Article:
My first thought was: why couldn’t I just do this in a web browser? Well, you can, but web browsers are memory hogs. By the end of the day, most people have so many tabs open in their browser that the whole system slows to a crawl. On my network, I even have people who use one browser just for their social media apps, another for their “work” and another for media and video – with enough tabs open in each, the system runs out of memory very fast. Station manages memory better and puts less used apps in sleep mode until they are needed

This was very cool – for me. The people on the network didn’t really care so much or rather just accepted that computers run out of memory and needed to be restarted every few hours. It was more of a welcome water-cooler break for them, and not something that required fixing. Never mind the extra energy needed, the wear & tear on the hardware, and the possibilities for data corruption. It just wasn’t that important, and I had to come up with another reason to get people to use Station.

Another feature that I really like about Station, one that browsers are not really designed to address, is the ability to take an action that affects all the open apps, or a subset of them. For example, Station can turn off notifications of a single app, groups of apps, and all the apps. That is very powerful. When I showed that to the team, there were finally some raised eyebrows. Maybe not yet a sale, but I had my foot in the door.

Another feature is the ability to load multiple instances of the same app, even if they have different passwords. For example, we could have three different instances of Gmail open, switch between them and copy/paste between them. This makes it quick and easy to respond to three different email lists with similar messages. It also allows quick switching between different apps such as accounting, project management, CRM, and email. We could, for example, quickly share budget info across all of these. While a web browser could possibly do this too, it is far less convenient to do so and it is not from a single interface. This was also welcomed by our team.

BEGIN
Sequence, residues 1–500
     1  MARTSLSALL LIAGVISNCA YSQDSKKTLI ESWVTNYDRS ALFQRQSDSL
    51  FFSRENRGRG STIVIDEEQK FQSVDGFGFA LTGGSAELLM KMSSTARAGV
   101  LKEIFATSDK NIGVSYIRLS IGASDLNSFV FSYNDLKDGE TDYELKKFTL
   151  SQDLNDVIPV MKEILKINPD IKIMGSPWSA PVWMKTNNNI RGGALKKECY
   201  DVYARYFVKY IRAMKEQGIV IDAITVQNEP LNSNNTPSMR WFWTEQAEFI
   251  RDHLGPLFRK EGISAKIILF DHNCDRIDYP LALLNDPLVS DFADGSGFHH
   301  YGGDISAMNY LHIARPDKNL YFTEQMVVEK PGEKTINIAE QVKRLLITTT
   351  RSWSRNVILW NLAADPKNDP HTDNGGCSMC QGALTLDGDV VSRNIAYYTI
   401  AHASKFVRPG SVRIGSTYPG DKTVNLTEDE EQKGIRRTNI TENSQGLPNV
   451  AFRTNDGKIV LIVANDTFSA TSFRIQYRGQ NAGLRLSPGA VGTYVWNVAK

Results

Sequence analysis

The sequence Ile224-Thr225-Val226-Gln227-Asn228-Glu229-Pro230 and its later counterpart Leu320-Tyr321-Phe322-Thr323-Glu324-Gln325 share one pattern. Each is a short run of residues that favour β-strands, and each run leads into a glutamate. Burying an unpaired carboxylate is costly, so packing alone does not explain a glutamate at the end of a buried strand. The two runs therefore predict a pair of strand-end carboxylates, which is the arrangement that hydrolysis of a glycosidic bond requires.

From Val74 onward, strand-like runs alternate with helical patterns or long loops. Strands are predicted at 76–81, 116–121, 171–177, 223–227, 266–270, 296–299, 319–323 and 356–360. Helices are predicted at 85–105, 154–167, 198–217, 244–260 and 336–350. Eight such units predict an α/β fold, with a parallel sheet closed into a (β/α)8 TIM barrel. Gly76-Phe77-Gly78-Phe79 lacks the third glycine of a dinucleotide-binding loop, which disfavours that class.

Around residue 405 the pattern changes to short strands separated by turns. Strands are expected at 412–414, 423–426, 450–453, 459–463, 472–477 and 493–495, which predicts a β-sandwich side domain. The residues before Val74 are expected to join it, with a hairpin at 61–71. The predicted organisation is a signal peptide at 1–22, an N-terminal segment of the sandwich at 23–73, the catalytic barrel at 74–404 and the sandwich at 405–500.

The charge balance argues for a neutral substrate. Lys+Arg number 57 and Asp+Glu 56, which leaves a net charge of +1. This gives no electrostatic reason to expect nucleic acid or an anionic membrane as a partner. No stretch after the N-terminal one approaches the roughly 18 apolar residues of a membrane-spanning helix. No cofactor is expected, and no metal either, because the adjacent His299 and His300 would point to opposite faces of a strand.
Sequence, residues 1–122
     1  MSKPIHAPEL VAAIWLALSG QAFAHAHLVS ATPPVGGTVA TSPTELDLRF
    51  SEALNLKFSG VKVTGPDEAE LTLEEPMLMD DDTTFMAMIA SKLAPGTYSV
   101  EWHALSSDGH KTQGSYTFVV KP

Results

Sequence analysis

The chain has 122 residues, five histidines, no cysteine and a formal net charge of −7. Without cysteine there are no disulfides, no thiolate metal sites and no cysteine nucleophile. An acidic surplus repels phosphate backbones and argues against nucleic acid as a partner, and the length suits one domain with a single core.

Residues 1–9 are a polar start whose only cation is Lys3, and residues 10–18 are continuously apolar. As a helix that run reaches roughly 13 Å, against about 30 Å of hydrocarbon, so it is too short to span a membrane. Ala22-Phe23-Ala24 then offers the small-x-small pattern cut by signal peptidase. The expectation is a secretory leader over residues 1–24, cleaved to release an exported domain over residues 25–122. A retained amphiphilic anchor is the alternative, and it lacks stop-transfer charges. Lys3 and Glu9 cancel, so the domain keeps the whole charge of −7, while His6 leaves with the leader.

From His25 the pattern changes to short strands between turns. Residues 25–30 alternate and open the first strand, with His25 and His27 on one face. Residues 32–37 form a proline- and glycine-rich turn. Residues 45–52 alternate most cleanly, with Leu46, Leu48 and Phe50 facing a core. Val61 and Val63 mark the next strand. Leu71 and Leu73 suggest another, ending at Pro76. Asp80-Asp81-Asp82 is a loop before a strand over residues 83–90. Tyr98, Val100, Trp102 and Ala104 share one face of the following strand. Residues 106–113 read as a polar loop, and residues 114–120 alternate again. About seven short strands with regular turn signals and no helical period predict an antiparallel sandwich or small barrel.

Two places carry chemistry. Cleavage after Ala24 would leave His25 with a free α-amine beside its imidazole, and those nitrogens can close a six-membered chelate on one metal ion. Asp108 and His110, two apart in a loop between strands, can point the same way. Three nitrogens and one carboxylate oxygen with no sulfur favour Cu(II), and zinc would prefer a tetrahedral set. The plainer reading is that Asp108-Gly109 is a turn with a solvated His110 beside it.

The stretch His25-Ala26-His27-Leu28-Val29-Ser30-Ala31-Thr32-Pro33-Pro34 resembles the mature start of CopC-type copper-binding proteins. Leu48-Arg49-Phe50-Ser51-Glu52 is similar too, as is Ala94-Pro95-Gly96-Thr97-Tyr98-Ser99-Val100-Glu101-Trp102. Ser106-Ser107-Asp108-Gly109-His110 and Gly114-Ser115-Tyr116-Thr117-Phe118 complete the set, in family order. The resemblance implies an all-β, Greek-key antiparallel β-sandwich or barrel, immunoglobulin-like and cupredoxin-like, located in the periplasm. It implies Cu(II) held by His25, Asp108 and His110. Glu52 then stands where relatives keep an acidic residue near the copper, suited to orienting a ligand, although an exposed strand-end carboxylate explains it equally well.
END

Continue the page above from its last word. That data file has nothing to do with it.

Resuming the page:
However, what really sealed the deal was a very simple feature: Recent Documents. This is probably the most used feature in word processors, but now our team could use it across all the applications they used, from their social media to their productivity apps. This was huge for them because it allowed them to quickly resume what they had been working on the last time they were on the computer. It increased productivity, which also made management happy.


When looking for an application to standardize on, it isn’t enough to find one that eases management for the computing staff. By the same token, finding an application that has some great features may also not be enough. Those features need to be seen in the context of the workflow of each member of a team. Does it improve efficiency? If so, does it do that for every member of the team? And is this enough to convince them to change old habits?

My introduction of Station to the Team serves as a great example of what is involved in standardizing. It requires careful considerations and coordination with management. It cannot be imposed on the team without their input. Larger companies and organizations often make this mistake, and this often goes awry. Our network is still small, so there are fewer team members to convince, but the process should be the same, no matter how large the affected team is.

With a third operating system on the network, the number of applications to choose from for a standardization product is smaller. That’s also a good thing. It reduces the frequency of standardizing projects and in the process reduces changes that impact productivity.

This blog is part of a newsletter published by the Colégas Group called The Gigster 'Zine! To receive your own copy of the monthly newsletter delivered right to your in-box, click here.